Pran Nevile, the author of Lahore: A Sentimental Journey, and I instantly became friends for life when we met for the first time some years ago. Besides other interests we shared, it was also a minor detail involving my father. Nevile had not been friends with my father but, while Nevile was at Government College in the early 1940s, knew my father as a fellow student at Oriental College who had arrived in Lahore from Lucknow. Nevile’s book is a treat and has been translated into Urdu as well.
These memories — particularly of that cartoon — reappeared in my mind recently when we had a memorial reference in Islamabad for Mumtaz Ahmed Shaikh, a proud Ravian, or alumnus of Government College Lahore (now renamed Government College University). Shaikh was a notable writer and organiser of literary events in Islamabad, and later became one of our leading editors of Urdu literary journals.
His Lauh [Tablet] remained a serious journal which comprehensively collected and examined different genres of Urdu literature. It was primarily Shaikh’s own effort, supported by some other literati, but he would use the emblem of Government College on the cover and always wrote that the journal was a presentation on behalf of the Old Ravians’ Association.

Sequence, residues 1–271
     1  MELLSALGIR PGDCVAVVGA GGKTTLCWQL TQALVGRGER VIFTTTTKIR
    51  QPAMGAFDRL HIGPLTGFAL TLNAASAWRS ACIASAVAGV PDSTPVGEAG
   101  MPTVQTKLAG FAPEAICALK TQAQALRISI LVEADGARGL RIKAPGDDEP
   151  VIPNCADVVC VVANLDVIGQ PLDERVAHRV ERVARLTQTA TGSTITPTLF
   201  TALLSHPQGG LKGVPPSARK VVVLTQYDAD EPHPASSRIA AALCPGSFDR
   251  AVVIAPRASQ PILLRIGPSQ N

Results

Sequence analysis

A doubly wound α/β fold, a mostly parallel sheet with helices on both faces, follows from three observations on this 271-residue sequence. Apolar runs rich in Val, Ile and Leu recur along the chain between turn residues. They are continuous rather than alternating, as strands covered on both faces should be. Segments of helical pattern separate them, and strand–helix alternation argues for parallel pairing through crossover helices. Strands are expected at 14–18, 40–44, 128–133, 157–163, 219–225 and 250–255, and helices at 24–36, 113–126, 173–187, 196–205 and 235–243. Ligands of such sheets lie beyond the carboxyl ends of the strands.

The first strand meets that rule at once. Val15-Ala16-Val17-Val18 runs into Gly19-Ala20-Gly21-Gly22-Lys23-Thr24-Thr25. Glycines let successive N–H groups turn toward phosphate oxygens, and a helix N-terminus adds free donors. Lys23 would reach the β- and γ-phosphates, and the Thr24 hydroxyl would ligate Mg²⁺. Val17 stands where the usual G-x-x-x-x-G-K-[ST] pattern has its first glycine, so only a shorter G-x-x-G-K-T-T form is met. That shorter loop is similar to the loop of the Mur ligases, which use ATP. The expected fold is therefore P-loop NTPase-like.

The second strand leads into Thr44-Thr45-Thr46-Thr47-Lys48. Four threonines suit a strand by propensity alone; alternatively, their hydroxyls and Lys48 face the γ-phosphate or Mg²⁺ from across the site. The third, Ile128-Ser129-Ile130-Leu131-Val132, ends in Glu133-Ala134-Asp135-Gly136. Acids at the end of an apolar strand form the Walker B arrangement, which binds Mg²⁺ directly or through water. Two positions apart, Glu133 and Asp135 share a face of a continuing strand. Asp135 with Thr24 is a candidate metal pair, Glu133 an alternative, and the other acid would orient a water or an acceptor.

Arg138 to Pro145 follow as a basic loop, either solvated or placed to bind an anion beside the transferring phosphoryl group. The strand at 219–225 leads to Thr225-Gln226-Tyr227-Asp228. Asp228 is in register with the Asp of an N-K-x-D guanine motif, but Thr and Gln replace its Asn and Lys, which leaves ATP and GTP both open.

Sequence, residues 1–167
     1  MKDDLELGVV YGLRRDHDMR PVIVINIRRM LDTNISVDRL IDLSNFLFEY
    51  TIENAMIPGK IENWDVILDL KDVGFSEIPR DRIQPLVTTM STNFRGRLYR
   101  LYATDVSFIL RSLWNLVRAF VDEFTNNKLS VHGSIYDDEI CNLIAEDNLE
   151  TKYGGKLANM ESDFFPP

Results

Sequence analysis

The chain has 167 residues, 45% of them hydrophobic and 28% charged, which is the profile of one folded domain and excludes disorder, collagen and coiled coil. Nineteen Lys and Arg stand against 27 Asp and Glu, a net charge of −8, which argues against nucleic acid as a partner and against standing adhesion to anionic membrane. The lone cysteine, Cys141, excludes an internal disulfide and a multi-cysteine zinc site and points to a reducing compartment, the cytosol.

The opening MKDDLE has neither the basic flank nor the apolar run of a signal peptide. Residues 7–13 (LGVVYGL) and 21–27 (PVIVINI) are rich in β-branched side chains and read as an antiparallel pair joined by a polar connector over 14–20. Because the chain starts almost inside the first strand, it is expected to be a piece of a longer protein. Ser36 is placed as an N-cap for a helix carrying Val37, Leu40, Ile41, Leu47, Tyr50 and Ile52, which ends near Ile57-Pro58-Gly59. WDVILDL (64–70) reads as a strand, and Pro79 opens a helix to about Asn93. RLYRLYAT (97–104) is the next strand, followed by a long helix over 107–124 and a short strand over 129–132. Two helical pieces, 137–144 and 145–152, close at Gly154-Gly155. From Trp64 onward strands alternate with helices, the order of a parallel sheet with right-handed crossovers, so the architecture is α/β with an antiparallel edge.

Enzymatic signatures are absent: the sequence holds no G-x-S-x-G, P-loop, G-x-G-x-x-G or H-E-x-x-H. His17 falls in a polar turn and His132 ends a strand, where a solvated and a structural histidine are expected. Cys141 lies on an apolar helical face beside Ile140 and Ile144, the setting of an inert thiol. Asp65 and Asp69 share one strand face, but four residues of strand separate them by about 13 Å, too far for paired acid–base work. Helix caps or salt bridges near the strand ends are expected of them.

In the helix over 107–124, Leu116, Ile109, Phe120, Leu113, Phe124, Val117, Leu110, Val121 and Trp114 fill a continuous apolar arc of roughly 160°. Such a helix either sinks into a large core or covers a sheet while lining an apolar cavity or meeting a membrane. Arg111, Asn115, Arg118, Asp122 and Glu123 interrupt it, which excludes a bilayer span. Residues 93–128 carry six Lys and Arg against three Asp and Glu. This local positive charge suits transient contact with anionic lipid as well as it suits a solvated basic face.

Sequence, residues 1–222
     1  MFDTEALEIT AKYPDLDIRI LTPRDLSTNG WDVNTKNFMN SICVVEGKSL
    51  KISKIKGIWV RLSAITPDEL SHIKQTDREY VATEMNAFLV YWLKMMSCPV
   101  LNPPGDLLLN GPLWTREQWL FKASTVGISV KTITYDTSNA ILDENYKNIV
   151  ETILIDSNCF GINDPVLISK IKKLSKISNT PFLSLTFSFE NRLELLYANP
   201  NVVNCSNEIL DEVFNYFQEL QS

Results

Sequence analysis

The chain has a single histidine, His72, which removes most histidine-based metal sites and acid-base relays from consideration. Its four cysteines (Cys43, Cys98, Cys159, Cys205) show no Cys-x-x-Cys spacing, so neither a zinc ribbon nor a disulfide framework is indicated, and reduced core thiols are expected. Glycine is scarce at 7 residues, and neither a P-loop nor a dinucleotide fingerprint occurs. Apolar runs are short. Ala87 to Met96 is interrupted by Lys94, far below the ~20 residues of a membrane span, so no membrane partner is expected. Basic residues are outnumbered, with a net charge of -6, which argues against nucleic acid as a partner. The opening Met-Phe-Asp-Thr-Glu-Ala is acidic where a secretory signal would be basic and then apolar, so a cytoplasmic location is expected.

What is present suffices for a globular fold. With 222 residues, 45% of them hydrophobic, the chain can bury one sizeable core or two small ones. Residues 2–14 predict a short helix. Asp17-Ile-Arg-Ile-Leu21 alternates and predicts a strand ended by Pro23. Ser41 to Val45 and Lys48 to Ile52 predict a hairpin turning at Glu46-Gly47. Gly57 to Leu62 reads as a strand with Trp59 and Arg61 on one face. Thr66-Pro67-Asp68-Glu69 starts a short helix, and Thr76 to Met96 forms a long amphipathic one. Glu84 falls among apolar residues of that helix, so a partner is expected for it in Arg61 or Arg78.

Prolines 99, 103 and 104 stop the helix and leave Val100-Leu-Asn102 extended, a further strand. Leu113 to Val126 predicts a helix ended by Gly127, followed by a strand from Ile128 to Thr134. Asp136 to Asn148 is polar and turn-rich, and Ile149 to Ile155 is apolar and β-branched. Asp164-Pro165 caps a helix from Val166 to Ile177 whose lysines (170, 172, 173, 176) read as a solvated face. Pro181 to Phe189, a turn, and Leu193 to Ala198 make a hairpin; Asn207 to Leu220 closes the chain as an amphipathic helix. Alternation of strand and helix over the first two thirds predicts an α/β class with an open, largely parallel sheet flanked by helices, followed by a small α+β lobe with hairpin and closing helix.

Like Nevile, Shaikh and many others, two of my own friends have a passionate love affair with Lahore. One is Mudassar Bashir, who continues to chronicle and document the past and present of the city in his fiction and well-researched non-fiction. Mudassar has established himself as a prominent Punjabi writer, whose command over contemporary idiom makes him both accessible and fresh.
The other is Mehmoodul Hasan. The late leading writer and critic Shamsur Rahman Faruqi had once said: “Mehmoodul Hasan bhee aik chhotay motay Lahore hain [Mehmoodul Hasan is a miniature Lahore in himself].” Hasan has recently published Lahore: Shehr-i-Pur Kamaal [Lahore: The Perfect City] and, some years ago, came out with Sharaf-i-Hum Kalaami [The Privilege of Conversation], about an array of ideas and thoughts of the major fiction writer Intizar Husain.